The $3 trillion muni bond market.. where state, city and county governments borrow money.. looks to be in some trouble, though probably not too serious yet. Here's a summary of the problem:
* Many states and cities have had their tax base crushed in the last year; New York and California saw revenues drop 20-25%, with lesser drops nearly everywhere in between. Some cities got it even worse.. imagine being the financial chief for the city of Detroit these days. On the county level (in most cases) a significant part of the tax revenue comes from property taxes.. and in most cases, this is falling as property value plummets and foreclosures bring fewer and fewer property tax payers. Whoops.
* As part of the economic stimulus of 2009, local governments got about $50 billion in aid from Uncle Sam. This won't happen again next year.
* As the economy got worse, the demand for social services (food stamps, medical assistance, welfare etc) grew expotentially.
* Many of these governments had invested in the stock market as a way to earn money and pay bills and/or retirees (CalPers). This year isn't too bad with the stock market rally; last year was brutal.
* Many of these governments were running deficits during the good years of the 1990s and 2000s, thinking that the good times would never really end and/or that if debt became a problem, it was a problem for the dude elected after I left.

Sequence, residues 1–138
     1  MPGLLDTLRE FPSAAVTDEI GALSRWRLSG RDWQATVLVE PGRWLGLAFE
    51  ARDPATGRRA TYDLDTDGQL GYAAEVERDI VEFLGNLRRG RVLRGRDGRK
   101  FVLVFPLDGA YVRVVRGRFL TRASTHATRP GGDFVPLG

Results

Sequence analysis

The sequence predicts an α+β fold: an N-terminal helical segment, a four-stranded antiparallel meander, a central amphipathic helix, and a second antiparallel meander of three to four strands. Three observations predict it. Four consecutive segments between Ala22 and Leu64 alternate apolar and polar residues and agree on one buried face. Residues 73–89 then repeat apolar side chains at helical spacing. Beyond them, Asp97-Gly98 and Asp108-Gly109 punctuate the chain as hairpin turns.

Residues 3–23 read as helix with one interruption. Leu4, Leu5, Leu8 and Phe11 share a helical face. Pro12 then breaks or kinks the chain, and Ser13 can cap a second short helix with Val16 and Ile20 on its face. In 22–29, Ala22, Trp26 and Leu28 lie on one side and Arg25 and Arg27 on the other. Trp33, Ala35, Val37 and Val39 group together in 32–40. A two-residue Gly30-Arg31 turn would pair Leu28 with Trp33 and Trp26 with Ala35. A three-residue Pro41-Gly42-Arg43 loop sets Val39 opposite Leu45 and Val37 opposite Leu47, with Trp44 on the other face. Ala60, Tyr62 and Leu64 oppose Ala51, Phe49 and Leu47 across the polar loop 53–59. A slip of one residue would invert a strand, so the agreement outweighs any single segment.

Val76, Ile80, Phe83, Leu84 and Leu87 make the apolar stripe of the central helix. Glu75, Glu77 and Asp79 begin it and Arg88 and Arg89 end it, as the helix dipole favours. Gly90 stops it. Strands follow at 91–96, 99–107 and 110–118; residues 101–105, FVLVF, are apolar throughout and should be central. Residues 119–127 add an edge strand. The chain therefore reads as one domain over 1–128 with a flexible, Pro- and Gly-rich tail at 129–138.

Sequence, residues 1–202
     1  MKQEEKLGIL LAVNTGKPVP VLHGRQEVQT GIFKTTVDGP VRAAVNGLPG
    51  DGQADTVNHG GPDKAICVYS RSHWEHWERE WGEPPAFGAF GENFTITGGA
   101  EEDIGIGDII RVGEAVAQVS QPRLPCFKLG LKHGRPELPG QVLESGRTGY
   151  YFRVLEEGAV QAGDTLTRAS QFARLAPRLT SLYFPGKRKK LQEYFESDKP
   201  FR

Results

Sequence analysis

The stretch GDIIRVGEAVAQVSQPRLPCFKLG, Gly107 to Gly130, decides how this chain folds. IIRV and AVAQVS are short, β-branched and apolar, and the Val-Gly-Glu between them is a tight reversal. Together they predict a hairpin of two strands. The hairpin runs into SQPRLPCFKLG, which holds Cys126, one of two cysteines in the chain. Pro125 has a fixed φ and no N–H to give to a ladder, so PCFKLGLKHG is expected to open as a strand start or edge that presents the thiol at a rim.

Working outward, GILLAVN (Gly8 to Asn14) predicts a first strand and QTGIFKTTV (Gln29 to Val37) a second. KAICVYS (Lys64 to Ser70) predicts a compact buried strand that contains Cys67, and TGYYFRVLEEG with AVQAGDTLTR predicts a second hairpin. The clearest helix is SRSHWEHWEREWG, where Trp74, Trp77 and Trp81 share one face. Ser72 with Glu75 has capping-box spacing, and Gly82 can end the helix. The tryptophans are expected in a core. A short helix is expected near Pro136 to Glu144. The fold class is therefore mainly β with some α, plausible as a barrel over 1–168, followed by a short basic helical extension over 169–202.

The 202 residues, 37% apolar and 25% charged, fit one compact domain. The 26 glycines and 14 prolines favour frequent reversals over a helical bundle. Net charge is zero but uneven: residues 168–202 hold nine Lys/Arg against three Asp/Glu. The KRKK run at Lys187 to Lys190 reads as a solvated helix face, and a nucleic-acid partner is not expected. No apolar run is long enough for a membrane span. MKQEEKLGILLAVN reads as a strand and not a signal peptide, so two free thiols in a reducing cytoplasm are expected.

Under these circumstances, the fear that a city or county will simply say "sorry dude.. not this year" and default is higher than ever.. and muni bond markets are pricing this risk accordingly, cruelly making the problem even worse as they charge higher rates. So far not too much higher, but the rates are creeping up, especially for those municipalities who are deeply in debt or who have been hit hardest by the downturn.
Recently the city of Vallejo, CA filed bankruptcy.. this will be a test case. During the Depression, municipalities initially were not allowed to file banko.. with the results being property tax hikes to unimaginable levels.. West Palm Beach had property taxes at 42.5% of assessed value. It was insanity, and eventually they were allowed to file bankruptcy, allowing a mad rush to the bankruptcy courthouses.
Today its a little more complex.. for example, who has the highest claim to what is left of Vallejo CA.. retirees or bondholders ?? Remember that when GM and Chrysler went under, the Obama Administration rose up for their union buddies and gave the bondholders (who had legal claim to first rights on whats left of the company) the shaft. Should this be how it shakes down in Vallejo, look for muni bond rates, especially for those deemed in trouble, to spike up nicely; some cities might not even be able to get anyone to buy them.
Remember that it's a $3 trillion dollar market.. the Vallejo case is important for those reasons. If Vallejo goes under without any real consequences, what would prevent a hundred other cities from doing the same ??
Here's a good article on this mess:
Here's the latest from Vallejo:
My impression overall here is that this mess is completely unnoticed.. everyone is concerned with the stock market, unemployment, housing, the USD, gold.. and if my hunch of deflation is correct, municipalities will have a very hard time finding buyers for their bonds at decent rates. The Vallejo case is important to watch. This is a HUGE market folks..